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Otweya rising from the ashes

2021-06-03  Eveline de Klerk

Otweya rising from the ashes
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WALVIS BAY – When a massive fire swept through the Twaloloka informal settlement on Sunday 26 July 2020 in Walvis Bay’s Tutaleni, it destroyed houses and left 121 families destitute.

However, Otweya has risen from the ashes.  

These families have been accommodated in tents since that fateful night last year. 

The Namibian government acted swiftly, passing a resolution to build 121 houses for the families.

Today, the houses are about 98% complete, with recipients and members of the Shack Dwellers Association working together to complete the houses. The one-bedroom units are built on a 300m² erf, allowing for later expansion.

Provision has also been made for business erven, a clinic and a school in the area.

Urban and rural development minister Erastus Uutoni visited the construction site on Tuesday to see the progress of the houses.

“In March, to be precise, this was an open field – and now, there are houses. It is great to see everyone working together. This is what I want to see. We all need to pull in one direction – despite our political party affiliations – and work towards a common goal,” Uutoni said as he walked through the new Otweya.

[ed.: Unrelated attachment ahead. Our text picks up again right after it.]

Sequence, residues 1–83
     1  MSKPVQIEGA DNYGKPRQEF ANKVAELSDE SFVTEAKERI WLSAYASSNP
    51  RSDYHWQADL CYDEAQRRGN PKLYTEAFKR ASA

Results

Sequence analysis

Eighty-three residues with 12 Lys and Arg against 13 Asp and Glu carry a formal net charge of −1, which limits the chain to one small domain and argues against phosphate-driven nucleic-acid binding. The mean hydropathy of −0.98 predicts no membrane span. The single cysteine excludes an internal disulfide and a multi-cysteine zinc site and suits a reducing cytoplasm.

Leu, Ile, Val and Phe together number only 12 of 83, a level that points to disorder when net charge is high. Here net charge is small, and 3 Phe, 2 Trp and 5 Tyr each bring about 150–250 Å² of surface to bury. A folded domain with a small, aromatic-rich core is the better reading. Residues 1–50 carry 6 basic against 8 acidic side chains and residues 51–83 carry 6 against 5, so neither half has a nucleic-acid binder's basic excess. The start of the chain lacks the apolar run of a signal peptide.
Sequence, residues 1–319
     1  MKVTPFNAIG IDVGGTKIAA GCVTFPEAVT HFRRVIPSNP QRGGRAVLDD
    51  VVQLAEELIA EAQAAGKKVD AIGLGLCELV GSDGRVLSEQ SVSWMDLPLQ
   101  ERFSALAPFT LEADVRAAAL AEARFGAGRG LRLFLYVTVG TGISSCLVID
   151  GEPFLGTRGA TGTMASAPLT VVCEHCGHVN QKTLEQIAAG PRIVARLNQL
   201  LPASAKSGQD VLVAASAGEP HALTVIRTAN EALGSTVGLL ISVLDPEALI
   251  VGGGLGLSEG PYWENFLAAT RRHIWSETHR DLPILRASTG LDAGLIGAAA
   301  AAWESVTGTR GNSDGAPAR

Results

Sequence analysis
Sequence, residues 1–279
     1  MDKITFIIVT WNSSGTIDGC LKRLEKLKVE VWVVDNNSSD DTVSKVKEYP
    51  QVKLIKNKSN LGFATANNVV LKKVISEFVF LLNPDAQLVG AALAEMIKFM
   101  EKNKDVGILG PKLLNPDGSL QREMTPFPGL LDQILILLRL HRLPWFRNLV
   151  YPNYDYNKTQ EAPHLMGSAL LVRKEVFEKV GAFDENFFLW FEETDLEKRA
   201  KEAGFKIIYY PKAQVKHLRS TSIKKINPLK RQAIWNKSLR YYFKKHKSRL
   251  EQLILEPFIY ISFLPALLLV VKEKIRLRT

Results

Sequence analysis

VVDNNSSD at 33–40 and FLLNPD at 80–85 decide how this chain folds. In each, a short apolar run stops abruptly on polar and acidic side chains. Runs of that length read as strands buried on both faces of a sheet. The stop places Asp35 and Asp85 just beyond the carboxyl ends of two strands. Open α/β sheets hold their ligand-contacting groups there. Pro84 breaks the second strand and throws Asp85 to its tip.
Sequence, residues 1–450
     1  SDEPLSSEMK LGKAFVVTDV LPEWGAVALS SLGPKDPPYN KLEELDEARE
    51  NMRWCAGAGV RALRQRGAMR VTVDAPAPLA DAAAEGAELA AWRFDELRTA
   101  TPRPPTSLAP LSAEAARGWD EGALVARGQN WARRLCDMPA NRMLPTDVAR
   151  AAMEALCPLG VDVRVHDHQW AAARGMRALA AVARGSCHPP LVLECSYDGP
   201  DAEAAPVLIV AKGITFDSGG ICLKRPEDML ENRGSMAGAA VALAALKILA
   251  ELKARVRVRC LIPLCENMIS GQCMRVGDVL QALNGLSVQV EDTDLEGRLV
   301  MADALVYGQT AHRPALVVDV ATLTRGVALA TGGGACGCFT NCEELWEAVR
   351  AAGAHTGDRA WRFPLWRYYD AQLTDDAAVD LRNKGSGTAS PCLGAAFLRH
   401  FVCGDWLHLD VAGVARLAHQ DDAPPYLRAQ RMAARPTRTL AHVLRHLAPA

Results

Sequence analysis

He then expressed his appreciation towards the local leadership, including the Erongo governor, Neville Andre, and private institutions that have made the project, in partnership with government, a reality.

“When I visited previously, I appealed to the Walvis Bay community, under the leadership of the governor, to work together and work towards one cause – building the houses for our people. What has been reported to me is only progress – no complaints,” Uutoni said.

Uutoni added that he would like to see the houses being handed over to the recipients at least by July.

During the visit, SFDN chairperson Naftali Utoni, who was in charge of building the houses, explained that they employed about 200 people temporarily during the construction and recipients themselves also assisted.

According to Neville Andre, “the private sector also played a critical role, with some companies such as Namdock deploying their own employees to construct one of the houses”.

Students from COSDEC, enrolled in a bricklaying course, also built three houses.  

Additionally, “a playground was also built for the children who will be living in these houses,” said Andre.

- edeklerk@nepc.com.na


2021-06-03  Eveline de Klerk

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